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Body Dysmorphia and Social Media; A Recipe For Disaster

This page and these artifacts correspond with the argument I initially make in the podcast: There is a strong link between body dissatisfaction and the desire to be skinny, as well as the frequency with which one compares one's physical appearance to that of persons one follows on social media.

Artifact 1: This artifact is important because it reflects that participants who frequently compared their own physical appearance to that of people they followed on social media had a 5.6 point higher mean EDI-BD score than those who did not, and those who always compared themselves to social media images had a 9.2 point higher mean EDI-BD score than those who never did.

Artifact 2: This artifact is important because it shows how unfortunate outcomes like body dysmorphia within media consumers tend to skyrocket. These celebrities are selling consumers a false reality, which is deeply upsetting because celebrities are supposed to be people that you look up to, not people who support negative body image standards. Social media consumers are being harmed by being exposed to content such as this, as this form of media only influences body dysmorphia.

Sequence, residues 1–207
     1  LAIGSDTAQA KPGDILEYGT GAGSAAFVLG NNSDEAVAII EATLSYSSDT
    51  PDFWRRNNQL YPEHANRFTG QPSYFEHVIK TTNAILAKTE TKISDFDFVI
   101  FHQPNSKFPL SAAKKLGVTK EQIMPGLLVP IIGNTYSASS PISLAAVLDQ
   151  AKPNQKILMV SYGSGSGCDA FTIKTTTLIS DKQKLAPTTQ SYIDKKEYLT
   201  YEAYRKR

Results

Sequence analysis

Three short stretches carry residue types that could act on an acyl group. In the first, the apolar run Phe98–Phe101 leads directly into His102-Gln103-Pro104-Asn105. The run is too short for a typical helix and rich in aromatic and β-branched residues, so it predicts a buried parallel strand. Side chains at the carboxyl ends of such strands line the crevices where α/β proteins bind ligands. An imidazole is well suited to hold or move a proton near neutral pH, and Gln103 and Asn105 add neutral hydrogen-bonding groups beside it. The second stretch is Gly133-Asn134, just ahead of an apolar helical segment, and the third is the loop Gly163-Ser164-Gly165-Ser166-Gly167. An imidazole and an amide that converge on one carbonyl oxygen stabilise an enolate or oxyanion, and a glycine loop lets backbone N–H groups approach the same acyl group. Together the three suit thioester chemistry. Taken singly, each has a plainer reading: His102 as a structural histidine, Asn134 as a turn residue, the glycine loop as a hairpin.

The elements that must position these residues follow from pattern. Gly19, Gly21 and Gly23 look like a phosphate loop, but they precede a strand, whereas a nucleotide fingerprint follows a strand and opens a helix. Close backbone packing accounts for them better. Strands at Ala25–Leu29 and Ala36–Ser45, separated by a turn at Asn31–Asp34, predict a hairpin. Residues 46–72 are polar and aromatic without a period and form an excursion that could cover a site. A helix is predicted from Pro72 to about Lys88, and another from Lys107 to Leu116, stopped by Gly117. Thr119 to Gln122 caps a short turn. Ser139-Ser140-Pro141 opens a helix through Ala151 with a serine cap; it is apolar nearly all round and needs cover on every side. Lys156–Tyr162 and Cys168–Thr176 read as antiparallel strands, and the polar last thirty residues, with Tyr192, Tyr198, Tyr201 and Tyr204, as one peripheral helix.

Artifact 3: This Instagram account is one of the few accounts on this platform that offers informative content on how to recognize the symptoms of body dysmorphia, and how to navigate the pitfalls of comparing yourself to what is portrayed on social media. This is important because this account is shedding light on body dysmorphia, which is a topic that is rarely discussed.

Artifact 4: According to the study, advertisements in both publications presented women in typical gender roles, with sexual attractiveness increasing over time. This research looked at advertising in Life and Cosmopolitan magazines from 1952 to 1955 to see how they portrayed women's bodies. According to data, the fitness boom, changing average body size, and cultural standards all led to the shift in body image depiction. This article supports the concept that negative appearance-based philosophies have been around since the 1900s. What is not revealed is that the ladies portraying these body image standards forced themselves to perform harmful and cruel acts in order to retain their attractiveness, which is common with body dysmorphia.

Go to the next page to listen to the second half of my podcast!

Body Dysmorphia and Social Media; A Recipe For Disaster